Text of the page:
Tableware and food go hand in hand so in the name of research…(!) I was treated to a restaurant specialising in Kaiseki ryori when I was over in Japan. It’s a Japanese meal with its roots in the tea ceremony with many tiny courses that balance taste, texture, appearance and presentation.
The chef owner, Kobayashi san explained how he pairs the crockery and presentation with food and seasons. The photo books of previous years came out, explaining that he not only contemplates the four seasons, but sub-season themes and festivals also.
He lost 80% of his crockery in the Earthquake which was worth £100,000. But we got to see some of his skills in ‘kintsugi’ which is an art of filling in the chips and cracks with gold and lacquer. Beautiful.
An example of a dish that is inspired by the Karatsu ware, above. Our courses were monotone in colour as the cooking reflects the season and it was mid-winter so it figures. We’d had the first snow of the season that day so he chose a dish for a our sashimi dish (pictured below) which has specs of snow glazed into it.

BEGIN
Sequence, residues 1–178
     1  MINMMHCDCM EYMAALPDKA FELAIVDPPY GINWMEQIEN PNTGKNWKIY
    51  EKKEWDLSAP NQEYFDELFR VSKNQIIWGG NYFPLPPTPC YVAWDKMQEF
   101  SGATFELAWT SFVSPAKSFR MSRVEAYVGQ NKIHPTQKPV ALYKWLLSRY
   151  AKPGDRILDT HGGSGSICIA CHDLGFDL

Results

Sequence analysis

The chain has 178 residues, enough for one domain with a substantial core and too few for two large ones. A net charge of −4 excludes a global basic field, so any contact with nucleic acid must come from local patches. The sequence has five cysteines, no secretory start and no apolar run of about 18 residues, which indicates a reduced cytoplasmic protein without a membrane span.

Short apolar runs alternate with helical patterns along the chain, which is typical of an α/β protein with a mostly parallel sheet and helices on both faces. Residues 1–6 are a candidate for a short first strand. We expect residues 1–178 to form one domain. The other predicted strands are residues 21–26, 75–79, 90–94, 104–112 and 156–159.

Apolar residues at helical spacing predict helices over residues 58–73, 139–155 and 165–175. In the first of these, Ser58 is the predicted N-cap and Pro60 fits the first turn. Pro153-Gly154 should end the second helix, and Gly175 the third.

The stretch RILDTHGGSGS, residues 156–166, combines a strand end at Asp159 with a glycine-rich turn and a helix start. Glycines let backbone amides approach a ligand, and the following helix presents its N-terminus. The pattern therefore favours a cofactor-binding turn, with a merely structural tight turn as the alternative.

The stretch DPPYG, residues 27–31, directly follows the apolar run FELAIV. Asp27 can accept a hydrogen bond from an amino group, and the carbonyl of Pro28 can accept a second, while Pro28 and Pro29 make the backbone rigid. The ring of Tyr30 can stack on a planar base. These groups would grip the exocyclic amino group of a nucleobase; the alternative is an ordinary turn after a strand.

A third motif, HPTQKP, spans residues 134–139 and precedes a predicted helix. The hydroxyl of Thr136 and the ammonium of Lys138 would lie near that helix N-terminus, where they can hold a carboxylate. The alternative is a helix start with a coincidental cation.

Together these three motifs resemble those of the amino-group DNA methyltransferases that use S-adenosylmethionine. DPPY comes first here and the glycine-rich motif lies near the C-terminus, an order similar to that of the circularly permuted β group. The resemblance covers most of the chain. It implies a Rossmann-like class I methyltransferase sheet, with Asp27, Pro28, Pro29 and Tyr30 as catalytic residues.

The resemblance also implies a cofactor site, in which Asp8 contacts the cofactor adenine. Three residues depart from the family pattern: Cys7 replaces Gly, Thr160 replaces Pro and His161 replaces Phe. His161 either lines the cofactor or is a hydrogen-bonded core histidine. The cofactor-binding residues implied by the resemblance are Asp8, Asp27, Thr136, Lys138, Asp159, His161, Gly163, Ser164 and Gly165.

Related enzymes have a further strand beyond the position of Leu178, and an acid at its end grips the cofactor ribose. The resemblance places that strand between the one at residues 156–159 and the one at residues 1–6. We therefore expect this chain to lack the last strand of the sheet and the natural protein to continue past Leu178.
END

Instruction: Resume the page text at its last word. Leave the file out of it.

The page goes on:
The burned strawberries and ice cream in a lovely blue seiji dish which has been damaged but fixed by Kobayashi san. The combination of gold and pale blue is lovely enough but with the bright red strawberries, beautiful! (Japanese strawberry season is in winter.)
A summer course where the food rested on plates that look like flowers of morning glory which rests on a wooden structure which they often climb up in Japan. Underneath is another plate of food which is hidden under the construction.
Thank you Kobayashi san, the chef and owner of the wonderful restauran, Koto, in Koriyama for explaining your ceramics and even bringing the photo book out.